The use of drone technology has brought many changes to society as a whole, transforming our lives and the way we do business. The agribusiness sector embraced drones in a way that transformed modern agriculture through monitoring, pesticide application and, more importantly, image capture.
Drone applications in agriculture
Spraying and fertilizing
Drones have a potential use in pesticide spraying, however, there are still legal barriers to this practice in Brazil. The biggest barriers are related to environmental problems and anti-terrorism laws, which prevent drones from carrying chemicals. However, the use of drones in pesticide application brings several benefits, such as:
– It does not cause soil compaction (increased soil density, which hinders, for example, the growth of roots. It is usually the influence of tractors and other land farm machinery);
– There is no need to have a person (applicator) exposed to the pesticides during application. Thus, possible contamination by the pesticides is avoided;
– It allows taller plants to receive pesticide application;
– It reaches hard-to-reach terrains;
– It reduces costs;
– It reduces environmental risks.
Precision fertilization planning
Nitrogen-deficient areas can be easily identified through the use of drones with cameras and sensors. Sensors are calibrated to limit the effect of the sunlight and, thus, allow an accurate calculation of the green area.
Throughout the production cycle, hundreds of images of crop development are extracted. All images are placed side by side to generate a map. Based on these images, software can be used to identify growth patterns in the crops. Thus, a fertilization program can be designed to adjust the nutritional requirements of the crops.
Disease and weed control program
Drones can help identify specific properties — such as foliage coloring and water balance, among others — of plant species and crop areas that have succumbed to diseases. The images captured by the drone, through powerful software, enable this data to be analyzed and can direct measures to control the crop, both in relation to weed management, as well as disease control.
Mapping and differentiation between trees and terrain
Fruit growers and foresters can benefit from plant records and spacing with calculations of the land to be cultivated. Drones enable access to remote locations that would be difficult to cover. Hundreds of hectares can be mapped daily, identifying problems on the ground with accuracy of up to 10 cm. With this data, it is possible to create a 3D model in order to have a better analysis of crops.
Relationship between the use of drones and images in agriculture
As can be seen in the examples, most of the tasks in which drones can make a difference in agribusinesses are related to the capture and treatment of images of crops. Image analysis is not something new among the technologies used in precision agriculture, especially the use of images from satellites, which have been used in agriculture for a long time.
The use of this type of image, however, has some restrictions, such as: high price of images; data analysis only in a macro way, since glebe details may not have very good granularity; delay in obtaining images; and the need for payment, as some type of subscription is usually required to have access to such services.
The use of drones in precision agriculture has grown a lot in recent years, as an option that offers answers to satellite imagery restrictions. UAVs (Unmanned Aerial Vehicles, another name for drones) are a revolutionary tool for farmers to gain knowledge about crop development and to grow productivity and maximize production. Drones have the unique advantage of providing quick responses with field data, as well as providing images with a very high level of detail. Other than that, with them, it is possible to get images of many hectares with a simple flight and with more affordable costs to rural producers.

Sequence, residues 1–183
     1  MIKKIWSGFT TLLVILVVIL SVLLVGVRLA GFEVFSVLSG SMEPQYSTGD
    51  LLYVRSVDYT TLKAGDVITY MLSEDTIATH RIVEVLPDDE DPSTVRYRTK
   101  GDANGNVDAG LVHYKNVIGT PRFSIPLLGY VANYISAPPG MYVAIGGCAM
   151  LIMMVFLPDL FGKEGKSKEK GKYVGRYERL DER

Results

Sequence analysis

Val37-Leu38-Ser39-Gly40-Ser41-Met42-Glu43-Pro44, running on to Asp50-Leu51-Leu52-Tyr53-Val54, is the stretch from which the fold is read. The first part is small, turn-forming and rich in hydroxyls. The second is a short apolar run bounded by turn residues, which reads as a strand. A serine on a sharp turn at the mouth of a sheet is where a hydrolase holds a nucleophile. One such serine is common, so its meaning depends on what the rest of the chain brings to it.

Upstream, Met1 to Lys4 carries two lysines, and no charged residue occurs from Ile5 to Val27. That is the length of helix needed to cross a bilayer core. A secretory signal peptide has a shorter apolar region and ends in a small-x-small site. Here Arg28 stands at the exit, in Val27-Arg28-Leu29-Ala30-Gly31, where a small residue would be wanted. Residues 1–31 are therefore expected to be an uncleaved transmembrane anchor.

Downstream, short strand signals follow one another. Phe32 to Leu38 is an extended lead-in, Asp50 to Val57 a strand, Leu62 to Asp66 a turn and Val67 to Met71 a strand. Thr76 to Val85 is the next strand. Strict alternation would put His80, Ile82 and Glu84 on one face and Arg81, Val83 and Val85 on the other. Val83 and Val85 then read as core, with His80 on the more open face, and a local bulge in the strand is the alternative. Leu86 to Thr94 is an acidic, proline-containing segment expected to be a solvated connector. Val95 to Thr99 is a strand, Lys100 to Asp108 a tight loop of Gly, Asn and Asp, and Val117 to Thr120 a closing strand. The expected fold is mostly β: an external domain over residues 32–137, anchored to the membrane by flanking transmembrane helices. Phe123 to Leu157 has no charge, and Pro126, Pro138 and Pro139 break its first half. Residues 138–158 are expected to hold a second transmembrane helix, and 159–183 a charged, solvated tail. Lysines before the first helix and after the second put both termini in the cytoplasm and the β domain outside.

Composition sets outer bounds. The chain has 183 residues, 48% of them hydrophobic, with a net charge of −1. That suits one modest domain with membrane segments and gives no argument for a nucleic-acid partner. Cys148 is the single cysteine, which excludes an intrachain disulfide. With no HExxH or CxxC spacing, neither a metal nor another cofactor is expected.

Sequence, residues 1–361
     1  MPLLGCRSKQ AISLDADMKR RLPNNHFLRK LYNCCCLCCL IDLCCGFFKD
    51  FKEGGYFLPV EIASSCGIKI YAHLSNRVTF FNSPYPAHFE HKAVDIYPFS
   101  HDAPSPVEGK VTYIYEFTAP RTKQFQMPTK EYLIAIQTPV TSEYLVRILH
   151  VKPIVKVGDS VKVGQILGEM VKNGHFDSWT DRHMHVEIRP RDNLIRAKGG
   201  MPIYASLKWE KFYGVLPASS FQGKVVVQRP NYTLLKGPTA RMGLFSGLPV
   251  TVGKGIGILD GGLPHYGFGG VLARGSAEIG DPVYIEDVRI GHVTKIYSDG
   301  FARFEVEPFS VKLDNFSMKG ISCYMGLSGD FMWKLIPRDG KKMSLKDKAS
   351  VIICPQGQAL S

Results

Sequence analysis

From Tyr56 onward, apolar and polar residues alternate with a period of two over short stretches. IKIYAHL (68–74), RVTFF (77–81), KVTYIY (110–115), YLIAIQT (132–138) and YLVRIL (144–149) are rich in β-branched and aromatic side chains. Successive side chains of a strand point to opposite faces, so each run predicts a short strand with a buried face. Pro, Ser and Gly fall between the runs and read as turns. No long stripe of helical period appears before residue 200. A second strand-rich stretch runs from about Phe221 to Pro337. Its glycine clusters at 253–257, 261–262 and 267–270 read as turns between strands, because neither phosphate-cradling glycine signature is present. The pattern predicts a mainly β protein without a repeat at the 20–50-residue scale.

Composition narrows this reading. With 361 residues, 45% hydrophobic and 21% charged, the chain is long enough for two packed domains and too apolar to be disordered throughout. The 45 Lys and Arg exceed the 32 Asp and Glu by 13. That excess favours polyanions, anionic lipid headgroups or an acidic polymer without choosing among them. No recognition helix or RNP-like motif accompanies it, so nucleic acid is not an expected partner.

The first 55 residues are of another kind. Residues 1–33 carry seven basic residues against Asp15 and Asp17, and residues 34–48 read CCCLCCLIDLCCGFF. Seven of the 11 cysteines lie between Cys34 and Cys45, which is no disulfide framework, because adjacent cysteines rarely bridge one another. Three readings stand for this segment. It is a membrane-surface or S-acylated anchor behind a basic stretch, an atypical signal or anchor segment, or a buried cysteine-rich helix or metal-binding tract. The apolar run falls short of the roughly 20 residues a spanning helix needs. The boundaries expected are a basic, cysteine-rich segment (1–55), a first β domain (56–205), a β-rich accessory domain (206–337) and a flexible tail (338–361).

Drones capture images, but they need powerful software to perform their analysis. A good drone system in agriculture needs to encompass drones, sensors and software. The use of software in drones allows, first of all, fields to be mapped and flight plans to be created. After the drone follows the flight plan correctly, it is necessary to apply another software, which will define the actions to be taken and send data to the team and servers.
The sensors are an important part of this set, as they capture extra data such as temperature, solar radiation and air humidity, among others, helping to enrich the information provided to the system. The use of the images obtained by the drones would allow the collection of data from crop stems, with analysis of vegetative indexes (algorithms used to analyze images of crops based on color saturation) of the batch, analysis of pest and disease data.
Therefore, the use of drones in the fields enables image analysis with specific details of the agricultural property, with more detailed data. Thus, they allow the gathering and processing of agricultural and livestock production data in a more focused way — unlike satellite images, which are much more generic — and enable the comparison of more detailed data, such as obtaining samples of pests infestations or even diseases in a field.
Image analysis in Agribusiness, coupled with the latest software technologies — such as machine learning, artificial intelligence, localization, event detection, and other technologies — enables precision agriculture to take a leap in information quality and details, which brings improvements to decision making and allows increased agricultural productivity.
An example would be a coffee planting. The geo-located images of a coffee plant captured by a drone already bring, by themselves, a great possibility of assistance in crop management, through the analytical eye of the producer, who reads the images. But, in addition to the human eye, machine learning algorithms can also be implemented in image analysis. These algorithms can be used to signal to the producer the occurrence of unexpected events, such as water deficiency, nutritional deficiency or, even, sick plants.
In perennial cultures such as coffee, image analysis can also store data from historical series and, therefore, allow early analyses based on the coffee planting own history. Image analysis would allow the state of vegetation before fertilization and its evolution to be analyzed.